As governments around the world come to realize that cryptocurrencies and Blockchain technology are not fleeting, so they begin their pathway towards regulating the new wave of technology and digital currency. Portugal will be the latest to take their first steps to regulations as their parliament begins its discussions on crypto regulations.
According to local media, the goal of their discussions at this early stage will be adopting a new legal framework for cryptocurrency payment services, while guaranteeing users’ safety using these services.
From ICOs to payment systems
Key on the agenda, it seems, will be what is labeled the ‘issuance of digital currencies’ indicating ICOs as well as the government will reportedly discuss cryptocurrencies so new payment services can emerge in the market while ensuring users can choose between safe, cost-effective options.
Thus, their direction looks to be aimed at allowing crypto-related services the chance to grow and expand in the hopes of stoking competition which in turn will lead to safety and transparency.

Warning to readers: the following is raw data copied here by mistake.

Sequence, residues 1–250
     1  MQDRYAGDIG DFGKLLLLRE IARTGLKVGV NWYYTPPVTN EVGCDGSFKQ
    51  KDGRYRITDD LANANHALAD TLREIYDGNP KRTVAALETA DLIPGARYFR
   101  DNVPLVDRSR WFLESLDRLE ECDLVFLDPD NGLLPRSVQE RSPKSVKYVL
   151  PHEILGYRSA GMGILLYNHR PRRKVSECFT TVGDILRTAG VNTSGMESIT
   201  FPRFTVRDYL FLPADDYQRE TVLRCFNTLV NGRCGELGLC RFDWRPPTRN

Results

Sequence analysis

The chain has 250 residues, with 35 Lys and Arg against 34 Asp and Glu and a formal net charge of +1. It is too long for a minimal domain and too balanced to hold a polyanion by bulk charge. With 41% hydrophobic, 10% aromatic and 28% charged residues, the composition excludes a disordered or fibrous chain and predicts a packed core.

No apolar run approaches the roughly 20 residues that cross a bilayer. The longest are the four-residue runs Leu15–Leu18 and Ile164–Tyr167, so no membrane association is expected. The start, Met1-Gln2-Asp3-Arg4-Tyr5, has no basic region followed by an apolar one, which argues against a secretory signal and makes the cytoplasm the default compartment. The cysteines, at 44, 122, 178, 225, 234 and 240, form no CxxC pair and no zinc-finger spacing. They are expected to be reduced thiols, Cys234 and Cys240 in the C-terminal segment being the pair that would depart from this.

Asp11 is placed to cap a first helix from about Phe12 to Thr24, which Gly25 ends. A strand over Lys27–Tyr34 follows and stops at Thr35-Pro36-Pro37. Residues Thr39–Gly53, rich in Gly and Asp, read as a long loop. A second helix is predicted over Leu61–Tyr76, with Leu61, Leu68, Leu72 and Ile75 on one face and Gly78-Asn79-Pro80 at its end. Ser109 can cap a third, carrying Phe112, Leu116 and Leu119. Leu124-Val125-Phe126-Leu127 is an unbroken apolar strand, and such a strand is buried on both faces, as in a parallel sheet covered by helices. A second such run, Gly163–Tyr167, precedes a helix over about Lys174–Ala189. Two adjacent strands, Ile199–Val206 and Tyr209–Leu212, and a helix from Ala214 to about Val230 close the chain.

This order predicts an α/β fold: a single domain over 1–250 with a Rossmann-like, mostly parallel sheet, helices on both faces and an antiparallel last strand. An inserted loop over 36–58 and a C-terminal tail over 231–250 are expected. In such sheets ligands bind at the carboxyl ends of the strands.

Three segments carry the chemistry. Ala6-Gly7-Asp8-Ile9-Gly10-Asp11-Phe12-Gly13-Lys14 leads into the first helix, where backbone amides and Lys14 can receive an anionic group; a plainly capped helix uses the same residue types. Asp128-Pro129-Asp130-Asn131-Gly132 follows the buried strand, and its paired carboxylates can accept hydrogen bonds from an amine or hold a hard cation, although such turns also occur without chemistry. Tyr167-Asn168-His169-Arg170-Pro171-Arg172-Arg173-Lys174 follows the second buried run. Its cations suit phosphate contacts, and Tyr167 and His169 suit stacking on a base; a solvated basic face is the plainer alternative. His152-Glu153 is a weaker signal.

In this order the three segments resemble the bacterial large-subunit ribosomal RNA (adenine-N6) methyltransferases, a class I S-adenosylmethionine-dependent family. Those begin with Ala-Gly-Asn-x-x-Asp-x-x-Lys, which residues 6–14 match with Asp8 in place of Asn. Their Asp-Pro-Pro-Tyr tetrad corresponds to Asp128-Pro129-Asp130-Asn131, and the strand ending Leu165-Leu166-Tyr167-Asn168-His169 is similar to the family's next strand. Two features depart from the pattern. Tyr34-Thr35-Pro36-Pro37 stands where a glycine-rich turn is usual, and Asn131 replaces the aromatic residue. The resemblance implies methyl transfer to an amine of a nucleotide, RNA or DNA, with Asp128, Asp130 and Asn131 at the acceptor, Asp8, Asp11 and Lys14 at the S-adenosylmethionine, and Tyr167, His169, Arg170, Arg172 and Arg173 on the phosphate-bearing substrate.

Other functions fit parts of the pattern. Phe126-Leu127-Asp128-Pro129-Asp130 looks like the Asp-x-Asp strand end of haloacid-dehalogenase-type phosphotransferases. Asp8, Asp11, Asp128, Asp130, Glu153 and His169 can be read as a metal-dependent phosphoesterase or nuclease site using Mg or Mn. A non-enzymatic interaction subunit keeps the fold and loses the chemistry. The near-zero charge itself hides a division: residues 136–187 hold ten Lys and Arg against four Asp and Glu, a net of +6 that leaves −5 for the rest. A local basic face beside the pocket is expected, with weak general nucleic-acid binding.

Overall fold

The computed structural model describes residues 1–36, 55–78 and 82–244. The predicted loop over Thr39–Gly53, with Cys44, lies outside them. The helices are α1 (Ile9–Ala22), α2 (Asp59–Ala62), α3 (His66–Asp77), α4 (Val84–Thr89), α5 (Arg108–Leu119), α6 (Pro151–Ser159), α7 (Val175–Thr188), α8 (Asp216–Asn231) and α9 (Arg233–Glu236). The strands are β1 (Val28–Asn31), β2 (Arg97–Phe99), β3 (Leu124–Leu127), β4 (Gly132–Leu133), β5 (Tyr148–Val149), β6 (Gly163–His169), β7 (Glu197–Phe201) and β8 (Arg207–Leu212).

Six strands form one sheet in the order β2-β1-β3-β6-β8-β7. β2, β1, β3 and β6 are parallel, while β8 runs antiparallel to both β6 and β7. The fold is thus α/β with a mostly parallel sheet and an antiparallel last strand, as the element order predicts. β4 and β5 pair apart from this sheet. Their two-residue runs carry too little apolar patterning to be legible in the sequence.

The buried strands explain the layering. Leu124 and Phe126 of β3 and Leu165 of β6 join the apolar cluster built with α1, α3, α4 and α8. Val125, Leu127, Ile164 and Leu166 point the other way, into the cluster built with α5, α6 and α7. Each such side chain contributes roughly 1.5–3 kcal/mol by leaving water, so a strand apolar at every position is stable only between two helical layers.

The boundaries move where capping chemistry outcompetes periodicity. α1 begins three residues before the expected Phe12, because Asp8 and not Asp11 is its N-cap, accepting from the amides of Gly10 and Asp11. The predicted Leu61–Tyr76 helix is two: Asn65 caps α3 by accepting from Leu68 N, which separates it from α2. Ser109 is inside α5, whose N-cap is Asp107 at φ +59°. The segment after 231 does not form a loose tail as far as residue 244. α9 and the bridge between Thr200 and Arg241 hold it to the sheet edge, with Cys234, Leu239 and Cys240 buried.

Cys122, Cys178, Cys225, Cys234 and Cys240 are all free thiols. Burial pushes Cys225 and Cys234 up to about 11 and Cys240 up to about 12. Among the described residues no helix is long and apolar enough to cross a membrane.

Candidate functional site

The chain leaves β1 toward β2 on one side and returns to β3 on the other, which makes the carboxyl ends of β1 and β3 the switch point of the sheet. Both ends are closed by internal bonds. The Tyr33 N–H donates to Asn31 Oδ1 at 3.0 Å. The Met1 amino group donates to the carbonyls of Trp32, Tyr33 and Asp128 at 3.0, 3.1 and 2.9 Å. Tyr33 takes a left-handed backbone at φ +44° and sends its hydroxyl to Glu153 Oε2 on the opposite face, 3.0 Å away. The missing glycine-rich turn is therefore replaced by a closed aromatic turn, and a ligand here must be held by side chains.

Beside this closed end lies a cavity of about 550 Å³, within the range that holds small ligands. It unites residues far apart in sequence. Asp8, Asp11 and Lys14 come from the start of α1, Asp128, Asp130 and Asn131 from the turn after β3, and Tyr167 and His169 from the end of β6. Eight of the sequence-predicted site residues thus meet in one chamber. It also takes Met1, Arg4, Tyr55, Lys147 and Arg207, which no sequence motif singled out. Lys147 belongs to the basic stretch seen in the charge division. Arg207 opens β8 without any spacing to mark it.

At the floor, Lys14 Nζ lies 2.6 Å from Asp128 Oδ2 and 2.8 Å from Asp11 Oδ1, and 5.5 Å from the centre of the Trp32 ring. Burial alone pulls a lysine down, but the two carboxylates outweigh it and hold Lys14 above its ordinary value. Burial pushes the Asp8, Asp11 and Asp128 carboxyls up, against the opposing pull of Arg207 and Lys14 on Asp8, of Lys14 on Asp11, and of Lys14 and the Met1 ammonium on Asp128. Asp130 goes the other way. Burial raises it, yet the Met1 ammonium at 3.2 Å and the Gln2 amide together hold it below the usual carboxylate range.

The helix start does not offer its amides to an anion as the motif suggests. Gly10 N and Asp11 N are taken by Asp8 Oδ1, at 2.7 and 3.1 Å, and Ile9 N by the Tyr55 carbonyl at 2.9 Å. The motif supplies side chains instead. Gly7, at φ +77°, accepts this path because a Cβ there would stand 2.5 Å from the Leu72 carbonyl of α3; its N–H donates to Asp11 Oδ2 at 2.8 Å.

“The regulation of certain aspects, not yet regulated, will allow for the expansion of new types of payment services, contributing to a legal framework to accommodate the innovation, to the benefit of consumers, and to even promote competition,” it was reasoned by the regulators.
Trend in Europe
Portugal, as part of the European Union, has been following trends that the overarching organization has laid down, as the EU agreed to enforce closer regulation of cryptocurrencies, as an agreement with the European Council that proposed closer cryptocurrency regulations to prevent their abuse in money laundering and terrorism financing.
Portugal’s Securities Market Commission has in the past revealed it was supervising banks and brokerages to keep a close eye on the Bitcoin hype that was sweeping the nation back in December 2017.
However, these initial moves to start to pull cryptocurrencies under control are small in comparison to open discussion that is happening in the coming weeks in the Portuguese parliament.
Many nations have adopted a wait-and-see approach, and there is now enough evidence on offer for those to pull the trigger and make their first steps to regulating to suit their needs.